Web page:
The threads came from seven small patches of the original Fort McHenry flag that are held by the Star-Spangled Banner House Museum in Baltimore.

You May Like

IS Militants Release 49 Turkish Hostages

Turkey's state-run Anadolu news agency reports that no ransom was paid and no conditions accepted for the hostages' release; few details of the release are known More

Photogallery IS Attacks Send Thousands of Syrian Kurds Fleeing to Turkey

Syrian Observatory for Human Rights says more than 300 Kurdish fighters crossed into Syria from Turkey to defend a Kurdish area from attack by the Islamic militants More

Sierra Leone's Ebola Lockdown Continues

Thousands of health workers are going door to door in the West African country of 6 million, informing people of how to avoid Ebola, handing out soap More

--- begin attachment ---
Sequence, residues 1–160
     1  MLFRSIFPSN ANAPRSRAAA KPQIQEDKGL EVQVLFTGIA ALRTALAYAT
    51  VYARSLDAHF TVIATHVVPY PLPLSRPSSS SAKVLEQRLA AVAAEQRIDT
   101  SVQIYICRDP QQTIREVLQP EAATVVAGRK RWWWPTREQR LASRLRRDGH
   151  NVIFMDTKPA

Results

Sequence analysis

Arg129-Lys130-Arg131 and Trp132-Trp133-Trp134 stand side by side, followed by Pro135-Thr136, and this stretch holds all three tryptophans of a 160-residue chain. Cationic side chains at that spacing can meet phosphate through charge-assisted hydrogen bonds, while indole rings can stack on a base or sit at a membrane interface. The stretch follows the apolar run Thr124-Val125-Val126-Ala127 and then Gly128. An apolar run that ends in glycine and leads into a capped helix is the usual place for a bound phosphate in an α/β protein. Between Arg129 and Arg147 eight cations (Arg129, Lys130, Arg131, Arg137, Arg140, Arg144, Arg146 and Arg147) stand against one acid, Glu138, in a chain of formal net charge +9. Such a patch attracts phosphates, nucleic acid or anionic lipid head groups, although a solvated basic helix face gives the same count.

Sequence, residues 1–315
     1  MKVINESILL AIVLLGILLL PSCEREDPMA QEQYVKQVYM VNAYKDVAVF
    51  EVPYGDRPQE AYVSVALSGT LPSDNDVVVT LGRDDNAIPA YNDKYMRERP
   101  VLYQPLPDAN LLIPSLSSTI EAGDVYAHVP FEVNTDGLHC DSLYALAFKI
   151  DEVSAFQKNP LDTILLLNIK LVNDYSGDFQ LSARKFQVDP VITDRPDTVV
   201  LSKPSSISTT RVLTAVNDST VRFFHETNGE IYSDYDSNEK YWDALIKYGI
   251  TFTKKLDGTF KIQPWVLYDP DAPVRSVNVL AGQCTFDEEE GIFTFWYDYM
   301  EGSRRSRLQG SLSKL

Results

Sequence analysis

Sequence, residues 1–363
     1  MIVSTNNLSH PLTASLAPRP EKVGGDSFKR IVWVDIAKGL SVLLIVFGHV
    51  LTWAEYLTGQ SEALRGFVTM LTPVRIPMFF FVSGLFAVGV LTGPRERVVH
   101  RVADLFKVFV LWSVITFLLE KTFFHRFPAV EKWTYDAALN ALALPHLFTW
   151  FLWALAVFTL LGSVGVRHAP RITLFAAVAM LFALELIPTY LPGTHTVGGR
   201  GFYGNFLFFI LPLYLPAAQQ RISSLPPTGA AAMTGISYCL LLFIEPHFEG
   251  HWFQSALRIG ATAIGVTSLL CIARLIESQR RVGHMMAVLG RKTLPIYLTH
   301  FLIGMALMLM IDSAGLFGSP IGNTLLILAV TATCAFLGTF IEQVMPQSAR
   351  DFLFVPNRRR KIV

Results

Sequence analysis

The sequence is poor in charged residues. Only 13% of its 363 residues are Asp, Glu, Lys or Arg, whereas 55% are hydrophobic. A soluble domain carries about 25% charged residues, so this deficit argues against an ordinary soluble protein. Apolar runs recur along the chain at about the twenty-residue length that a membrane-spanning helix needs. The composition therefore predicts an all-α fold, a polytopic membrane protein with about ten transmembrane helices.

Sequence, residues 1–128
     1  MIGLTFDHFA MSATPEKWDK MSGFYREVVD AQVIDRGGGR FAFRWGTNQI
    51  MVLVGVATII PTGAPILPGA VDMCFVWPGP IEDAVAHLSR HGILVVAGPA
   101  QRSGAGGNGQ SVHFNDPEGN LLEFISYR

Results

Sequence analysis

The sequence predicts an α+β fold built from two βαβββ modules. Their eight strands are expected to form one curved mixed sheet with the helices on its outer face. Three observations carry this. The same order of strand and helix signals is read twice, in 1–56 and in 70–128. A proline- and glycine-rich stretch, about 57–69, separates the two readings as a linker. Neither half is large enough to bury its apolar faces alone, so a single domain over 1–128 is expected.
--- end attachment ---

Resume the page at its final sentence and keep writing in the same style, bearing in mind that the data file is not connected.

This forum has been closed.
Comment Sorting
Comments
     
by: TruConserv from: AZ
September 18, 2012 3:21 PM
JD - chill out. This isn't a story about the War of 1812, it's about a flag. The sole line in the story about the war itself is factually correct, it is sometimes called the Second War of Independence.

Next time, give some time to reading comprehension before whining about how a story is the story YOU wanted.


by: JD from: AL
September 10, 2012 12:02 PM
You obviously haven't done your research as to what the "War of 1812" really was, how badly Canada whooped us, or about how it allowed the Rothschild's to put us further in debt to Britain by established a loaned over "federal" bank that taxed and enslaved the American people to the Britains and continues to affect us in Common Trade Laws today. Do us all a favor, get a different day job, or at least start doing some "research" before you post oblivious BS.

Featured Videos

Your JavaScript is turned off or you have an old version of Adobe's Flash Player. Get the latest Flash player.
Migrants Caught in No-Man's Land Called Calaisi
X
Lisa Bryant